Aaaaah! Rollercoasters Are Fun!


Beginning Reading

Kellie Lawrence

 

Rationale:  This lesson teaches children about the short vowel correspondence _a_=/a/. In order to be able to read, children must learn to recognize the spellings that map word pronunciations. In this lesson children will learn to recognize, spell, and read words containing the spelling _a_. They will learn a meaningful representation (sound when on a rollercoaster "Aaah"), they will spell and read words containing this spelling in a Letterbox lesson, and read a decodable book that focuses on the correspondence _a_=/a/.

 Materials:  Graphic image of rollercoaster; cover-up critter; whiteboard or smartboard; Elkonin boxes for modeling and individual; Elkonin boxes for each student; letter manipulatives for each child and magnetic or smartboard letters for teacher: a, t, d, b, p, f, l b, c, k, r, s; list of spelling words on poster or whiteboard to read: at, bad, pat, black, trap, scab; decodable text: Pat Ran, and assessment worksheet.

 Procedures:

1.  Say: In order to become expert readers we need to learn the code that tells us how to pronounce words. We have already learned to read some sight words, like of, and today we are going to learn about short a. When I say /a/ I think of a person on a rollercoaster that yells "Aaaaaah!" [show graphic image]. Now let's look at the spelling of /a/ that we'll learn today. The /a/ sound is spelled with the letter a. [Write _a_ on the board.] These blank lines mean there is a consonant before and after the letter a.

 2.  Say: Before we learn about the spelling of /a/, we need to listen for it in some words. When I listen for /a/ in words, I hear a say the rollercoaster yelling sound /a/ and I open my mouth, but not all the way. [Make vocal gesture for /a/.] I will show you first: at. I hear a make the short /a/ sound like in "Aaaah!" and my mouth was open. There is a short a in at. Now I'm going to see if it's in bake. Hmm, I didn't hear a make the /a/ sound and my mouth was not open very wide. Now you try. If you hear /a/ say, "Aaaah! Rollercoasters are fun!" If you don't hear /a/ say, "No way!" Is it in cat, paint, boat, rabbit, pack, truck? [Have the students imitate a person on a rollercoaster when they hear the /a/ sound.]

3. What if I want to spell the word slap? "When I see a mosquito, I will slap it with my hand." Slap means hit in this sentence. To spell slap in letterboxes, first I need to know how many phonemes I have in the word so I stretch it out and count: /s//l//a//p/. I need 4 boxes. I hear that /a/ just before the /p/ so I'm going to put an a in the 3rd box. The word starts with /s/, that's easy; I need an s. Now it gets a little tricky so I'm going to say it slowly /s//l//a//p/. I think I heard /l/ so I'll put a l right after the s. One more, hmm.. /s//l//a//p/, I think I heard popping /p/. I have one empty box now. [Point to letters in boxes when stretching out the word: /s//l//a//p/.] The missing one is /p/. Now I will show you how I would read a tough word. [Display poster with slap on the top and model reading the word.] I am going to start with the _a_; that part says /a/. Now I am going to put the beginning letters with it s-l-_a_, /sla/. Now I will put that chunk together with the last sound, /sla-p/ Oh, slap, like "It is not nice to slap your brother or sister."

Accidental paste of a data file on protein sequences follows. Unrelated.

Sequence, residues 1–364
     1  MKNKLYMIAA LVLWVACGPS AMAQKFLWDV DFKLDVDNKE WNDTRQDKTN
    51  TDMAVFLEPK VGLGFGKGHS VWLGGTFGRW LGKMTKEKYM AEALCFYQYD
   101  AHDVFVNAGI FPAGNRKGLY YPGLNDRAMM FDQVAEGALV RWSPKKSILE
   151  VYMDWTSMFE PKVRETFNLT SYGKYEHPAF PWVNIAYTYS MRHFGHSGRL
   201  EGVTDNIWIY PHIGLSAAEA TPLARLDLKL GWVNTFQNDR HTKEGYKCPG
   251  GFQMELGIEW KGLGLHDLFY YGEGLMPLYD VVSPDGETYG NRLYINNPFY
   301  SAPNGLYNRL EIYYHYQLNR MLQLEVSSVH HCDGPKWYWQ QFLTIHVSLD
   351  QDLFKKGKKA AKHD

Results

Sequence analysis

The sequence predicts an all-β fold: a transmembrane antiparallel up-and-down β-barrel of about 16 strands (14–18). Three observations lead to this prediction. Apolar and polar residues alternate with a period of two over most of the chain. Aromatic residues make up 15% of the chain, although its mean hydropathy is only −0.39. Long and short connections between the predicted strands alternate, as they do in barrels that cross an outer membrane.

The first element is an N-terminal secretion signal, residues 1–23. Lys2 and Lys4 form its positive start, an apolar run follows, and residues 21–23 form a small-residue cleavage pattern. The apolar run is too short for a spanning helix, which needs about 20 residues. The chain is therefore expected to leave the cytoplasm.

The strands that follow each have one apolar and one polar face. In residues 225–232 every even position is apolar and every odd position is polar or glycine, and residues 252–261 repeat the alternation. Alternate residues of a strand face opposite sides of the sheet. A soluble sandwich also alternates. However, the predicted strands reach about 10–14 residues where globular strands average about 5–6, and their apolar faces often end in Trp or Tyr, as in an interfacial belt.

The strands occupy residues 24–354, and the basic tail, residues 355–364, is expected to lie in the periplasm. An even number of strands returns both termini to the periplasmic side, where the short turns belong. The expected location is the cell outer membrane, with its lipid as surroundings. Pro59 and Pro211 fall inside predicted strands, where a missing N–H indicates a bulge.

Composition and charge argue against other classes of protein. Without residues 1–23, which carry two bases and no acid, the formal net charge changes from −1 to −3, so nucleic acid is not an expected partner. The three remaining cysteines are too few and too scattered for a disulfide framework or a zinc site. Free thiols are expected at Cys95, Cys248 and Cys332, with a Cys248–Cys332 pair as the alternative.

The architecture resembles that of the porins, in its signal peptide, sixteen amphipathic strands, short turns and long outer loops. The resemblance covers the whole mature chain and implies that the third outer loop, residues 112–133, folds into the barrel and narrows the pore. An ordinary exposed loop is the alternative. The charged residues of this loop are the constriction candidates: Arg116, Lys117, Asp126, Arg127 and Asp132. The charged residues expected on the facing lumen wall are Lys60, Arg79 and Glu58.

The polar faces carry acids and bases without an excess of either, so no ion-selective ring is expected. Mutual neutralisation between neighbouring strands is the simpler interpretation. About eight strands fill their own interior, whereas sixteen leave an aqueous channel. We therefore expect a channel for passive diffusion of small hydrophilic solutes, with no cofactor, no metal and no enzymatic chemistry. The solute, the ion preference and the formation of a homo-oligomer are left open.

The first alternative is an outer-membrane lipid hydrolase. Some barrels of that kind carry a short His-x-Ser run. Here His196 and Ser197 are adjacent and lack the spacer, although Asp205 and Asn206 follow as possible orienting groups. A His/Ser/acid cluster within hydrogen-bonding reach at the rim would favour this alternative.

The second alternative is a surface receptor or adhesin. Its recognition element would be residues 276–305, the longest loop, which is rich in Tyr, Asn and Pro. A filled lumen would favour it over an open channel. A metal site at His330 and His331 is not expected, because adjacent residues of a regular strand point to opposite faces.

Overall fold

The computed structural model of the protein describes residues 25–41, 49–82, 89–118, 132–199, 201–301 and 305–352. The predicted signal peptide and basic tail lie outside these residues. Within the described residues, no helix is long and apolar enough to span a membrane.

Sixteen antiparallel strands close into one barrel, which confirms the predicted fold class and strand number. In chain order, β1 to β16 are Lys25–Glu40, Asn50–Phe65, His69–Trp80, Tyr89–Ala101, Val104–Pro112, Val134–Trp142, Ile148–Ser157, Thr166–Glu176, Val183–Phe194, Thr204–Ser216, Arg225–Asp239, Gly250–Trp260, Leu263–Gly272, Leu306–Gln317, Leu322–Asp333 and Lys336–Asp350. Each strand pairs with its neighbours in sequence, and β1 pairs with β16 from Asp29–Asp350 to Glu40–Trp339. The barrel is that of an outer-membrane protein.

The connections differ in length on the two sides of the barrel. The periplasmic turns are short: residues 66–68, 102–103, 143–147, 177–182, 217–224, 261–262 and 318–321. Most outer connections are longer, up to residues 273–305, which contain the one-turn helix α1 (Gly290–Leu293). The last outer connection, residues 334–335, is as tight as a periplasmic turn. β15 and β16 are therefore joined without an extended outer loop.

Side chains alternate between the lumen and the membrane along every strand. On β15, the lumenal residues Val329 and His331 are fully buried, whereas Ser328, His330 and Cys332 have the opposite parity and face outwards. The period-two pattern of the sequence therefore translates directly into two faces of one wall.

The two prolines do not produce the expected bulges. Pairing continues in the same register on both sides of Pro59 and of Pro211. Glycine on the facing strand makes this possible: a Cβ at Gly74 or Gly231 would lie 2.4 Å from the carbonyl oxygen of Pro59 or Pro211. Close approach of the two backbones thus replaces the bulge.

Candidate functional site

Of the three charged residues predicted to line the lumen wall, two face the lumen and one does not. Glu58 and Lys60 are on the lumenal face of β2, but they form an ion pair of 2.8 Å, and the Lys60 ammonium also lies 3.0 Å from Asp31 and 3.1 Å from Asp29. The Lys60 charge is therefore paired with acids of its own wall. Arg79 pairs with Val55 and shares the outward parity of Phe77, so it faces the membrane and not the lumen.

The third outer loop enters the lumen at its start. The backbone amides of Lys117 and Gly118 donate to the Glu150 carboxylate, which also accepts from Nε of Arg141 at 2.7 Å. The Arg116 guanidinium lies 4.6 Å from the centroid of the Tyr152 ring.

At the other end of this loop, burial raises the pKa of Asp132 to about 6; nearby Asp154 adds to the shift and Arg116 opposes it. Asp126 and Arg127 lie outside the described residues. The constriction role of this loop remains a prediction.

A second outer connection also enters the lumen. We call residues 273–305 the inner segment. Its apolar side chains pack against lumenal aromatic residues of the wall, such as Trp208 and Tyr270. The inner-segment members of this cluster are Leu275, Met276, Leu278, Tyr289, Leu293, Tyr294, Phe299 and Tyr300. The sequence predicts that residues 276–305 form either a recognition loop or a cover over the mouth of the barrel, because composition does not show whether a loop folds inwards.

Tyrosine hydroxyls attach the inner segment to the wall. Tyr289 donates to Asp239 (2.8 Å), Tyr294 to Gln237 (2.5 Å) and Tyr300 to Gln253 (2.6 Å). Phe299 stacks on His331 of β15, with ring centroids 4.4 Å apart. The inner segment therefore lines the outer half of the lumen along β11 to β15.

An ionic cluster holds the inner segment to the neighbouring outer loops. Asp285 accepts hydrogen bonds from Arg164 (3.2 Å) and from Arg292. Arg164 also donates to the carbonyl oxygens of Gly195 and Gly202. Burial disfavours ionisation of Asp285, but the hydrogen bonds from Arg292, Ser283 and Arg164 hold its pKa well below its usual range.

4. Say: Now I am going to have you spell some words in letterboxes. You'll start out easy with two boxes for at. "I like to learn at school." What should go in the first box? [Respond to students' answers]. What goes in the second box? I'll check your spelling while I walk around the room. [Observe progress]. You'll need three letterboxes for the next word. Listen for the beginning sound to spell the first box. Then listen for /a/. Here is the word: bad. "My apple was rotten and tasted bad." [Allow students to spelling remaining words: pat, flat, black, trap, and scab.]

 5.  Say: Now I am going to let you read the words you have spelled. [Have students read words in unison. Afterwards, call on individuals to read one word on the list until everyone has had a turn.]

 6. Say: You have done a great job reading words with our new spelling for /a/:_a_. Now we are going to read a book called Pat Ran. We are going to pair up and take turns reading Pat Ran to find the reason that Pat is running. [Children pair up and take turns reading alternate pages each while teacher walks around the room monitoring progress. After individual paired reading, the class rereads Pat Ran aloud together, and stops between page turns to discuss the plot.

7. Say: Before we finish up with our lesson, I want to hear you read a book with lots of /a/ sounds.  I will call each of you up to me to read a few pages of Pat Ran aloud to me. [Teacher will note errors and provide an accuracy score.]

Resources:

Aaaaah Choo! By Rachel Thompson:  http://www.auburn.edu/academic/education/reading_genie/doorways/thompsonrbr.htm

Pat Ran by Sheila Cushman and Rona Kornblum

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